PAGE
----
Emerging Sociolinguistic Teaching Trends of English as a First Language in Nigeria

God’sgift Ogban Uwen(1*), Victor Offiong Bassey(2), Eno Grace Nta(3),

(1) Department of English and Literary Studies University of Calabar
(2) Department of English and Literary Studies University of Calabar.
(3) Department of English and Literary Studies University of Calabar, Nigeria
(*) Corresponding Author




DOI: https://doi.org/10.26858/ijole.v4i3.15127

Abstract


This paper seeks to examine the emerging sociolinguistic trends in Nigeria with the view to ascertaining the use of English as a first language among its speakers particular in Calabar, Nigeria. The study adopts Vygotsky’s (1978) Social Interactionist Theory. The theory is relevant because it accounts for the intentional and changing linguistic attitudes of children believed to be influenced by their early exposure to English as the language spoken by adults and peers within their immediate environment. Data for the study were generated through primary sources, particularly by means of participant observation and administration of questionnaire. Using random sampling technique, 468 questionnaires were distributed to children within the school age bracket of 06 - 13 in 10 selected Private Primary and Junior Secondary Schools in Calabar. With the aid of 20 trained research assistants who are bi/multilinguals in some Nigerian indigenous languages and English, 400 questionnaires filled under supervision were retrieved from the respondents from where the data were extracted and collated for analysis. Findings indicate that 37 percent of the pupils/students are monolinguals who speak only English as their ‘first and native language’. Similarly, 32.5 percent of the target population understand their mother tongue(s) while 30.8 percent of affirm that they speak the indigenous language(s) fluently. Also, it is observed that a total of 63 percent are bi/multilinguals in their mother tongue(s) and English language and could switch or mix codes. The reasons for the increasing preference towards English language, the researchers have observed, range from the persuasive influence from parents, teachers and peers, and the consequences of globalization in addition to the multiple domains of use of English language. This trending communication practice would continue to increase the growing population of English speakers in Nigeria while the indigenous are further endangered.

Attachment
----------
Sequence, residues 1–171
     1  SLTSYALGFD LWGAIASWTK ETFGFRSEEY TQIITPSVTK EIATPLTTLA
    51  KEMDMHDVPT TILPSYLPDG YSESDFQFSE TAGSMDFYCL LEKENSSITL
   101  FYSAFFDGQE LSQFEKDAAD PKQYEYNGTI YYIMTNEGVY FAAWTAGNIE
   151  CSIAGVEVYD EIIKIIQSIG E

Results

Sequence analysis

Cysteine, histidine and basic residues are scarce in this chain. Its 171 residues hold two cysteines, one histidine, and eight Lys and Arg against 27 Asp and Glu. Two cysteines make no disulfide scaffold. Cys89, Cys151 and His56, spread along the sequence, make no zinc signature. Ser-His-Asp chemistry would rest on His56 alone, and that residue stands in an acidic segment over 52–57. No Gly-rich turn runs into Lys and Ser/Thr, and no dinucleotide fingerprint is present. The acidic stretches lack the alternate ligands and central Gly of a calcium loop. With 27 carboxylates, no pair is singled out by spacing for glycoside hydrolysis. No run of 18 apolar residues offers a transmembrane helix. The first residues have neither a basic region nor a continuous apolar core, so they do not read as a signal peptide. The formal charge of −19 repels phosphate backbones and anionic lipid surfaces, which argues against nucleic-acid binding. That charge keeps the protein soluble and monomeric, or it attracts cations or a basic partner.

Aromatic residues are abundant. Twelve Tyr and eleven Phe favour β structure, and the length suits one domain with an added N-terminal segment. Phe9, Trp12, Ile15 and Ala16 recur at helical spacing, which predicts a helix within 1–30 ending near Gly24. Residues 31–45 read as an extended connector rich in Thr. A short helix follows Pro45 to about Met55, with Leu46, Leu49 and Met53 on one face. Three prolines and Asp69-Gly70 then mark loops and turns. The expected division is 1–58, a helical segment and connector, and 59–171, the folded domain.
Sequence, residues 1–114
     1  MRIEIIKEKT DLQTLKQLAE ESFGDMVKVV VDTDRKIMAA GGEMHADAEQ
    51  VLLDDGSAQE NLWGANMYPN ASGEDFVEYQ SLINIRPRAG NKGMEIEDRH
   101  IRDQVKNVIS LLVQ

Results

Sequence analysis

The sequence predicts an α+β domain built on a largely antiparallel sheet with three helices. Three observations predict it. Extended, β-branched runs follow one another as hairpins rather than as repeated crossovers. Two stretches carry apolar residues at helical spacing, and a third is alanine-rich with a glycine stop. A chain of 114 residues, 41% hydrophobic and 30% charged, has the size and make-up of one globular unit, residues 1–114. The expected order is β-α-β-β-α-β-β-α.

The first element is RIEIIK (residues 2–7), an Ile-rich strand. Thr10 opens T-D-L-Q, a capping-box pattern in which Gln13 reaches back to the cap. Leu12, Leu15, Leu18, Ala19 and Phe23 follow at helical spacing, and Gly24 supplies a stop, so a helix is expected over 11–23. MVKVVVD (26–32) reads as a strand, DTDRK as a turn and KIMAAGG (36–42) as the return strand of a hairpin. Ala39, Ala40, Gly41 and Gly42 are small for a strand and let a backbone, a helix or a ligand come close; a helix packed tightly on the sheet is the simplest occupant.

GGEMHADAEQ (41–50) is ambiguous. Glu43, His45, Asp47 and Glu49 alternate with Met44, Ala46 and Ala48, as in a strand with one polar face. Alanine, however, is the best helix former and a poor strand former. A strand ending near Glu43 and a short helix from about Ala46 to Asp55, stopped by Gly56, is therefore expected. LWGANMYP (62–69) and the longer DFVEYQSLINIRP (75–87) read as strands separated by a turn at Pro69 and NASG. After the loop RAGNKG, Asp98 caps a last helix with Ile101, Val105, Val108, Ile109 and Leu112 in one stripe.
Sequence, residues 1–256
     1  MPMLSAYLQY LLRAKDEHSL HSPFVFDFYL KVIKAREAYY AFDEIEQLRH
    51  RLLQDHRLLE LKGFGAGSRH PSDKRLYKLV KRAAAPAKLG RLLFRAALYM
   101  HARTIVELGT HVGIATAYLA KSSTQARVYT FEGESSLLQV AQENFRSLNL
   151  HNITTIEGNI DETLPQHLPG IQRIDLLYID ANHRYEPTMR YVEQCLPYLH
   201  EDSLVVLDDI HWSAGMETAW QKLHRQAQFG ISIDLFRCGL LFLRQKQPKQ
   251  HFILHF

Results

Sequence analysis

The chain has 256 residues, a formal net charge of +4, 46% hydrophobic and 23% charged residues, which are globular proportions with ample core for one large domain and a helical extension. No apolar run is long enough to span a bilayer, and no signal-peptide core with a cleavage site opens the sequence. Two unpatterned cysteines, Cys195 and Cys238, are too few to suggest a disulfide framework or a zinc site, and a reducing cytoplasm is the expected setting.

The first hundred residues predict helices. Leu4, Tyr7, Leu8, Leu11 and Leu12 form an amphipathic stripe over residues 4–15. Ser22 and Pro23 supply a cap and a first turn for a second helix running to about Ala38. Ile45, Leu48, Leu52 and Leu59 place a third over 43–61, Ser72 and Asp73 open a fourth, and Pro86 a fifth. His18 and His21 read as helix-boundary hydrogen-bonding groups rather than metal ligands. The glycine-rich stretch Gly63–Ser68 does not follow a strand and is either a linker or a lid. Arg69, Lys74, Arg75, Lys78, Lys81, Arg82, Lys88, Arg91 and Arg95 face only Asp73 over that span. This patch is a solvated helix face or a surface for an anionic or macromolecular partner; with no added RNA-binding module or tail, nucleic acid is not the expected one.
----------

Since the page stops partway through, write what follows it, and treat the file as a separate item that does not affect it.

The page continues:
Keywords


Sociolinguistic trends, English language, First language, Language preference, Official language, English speakers.

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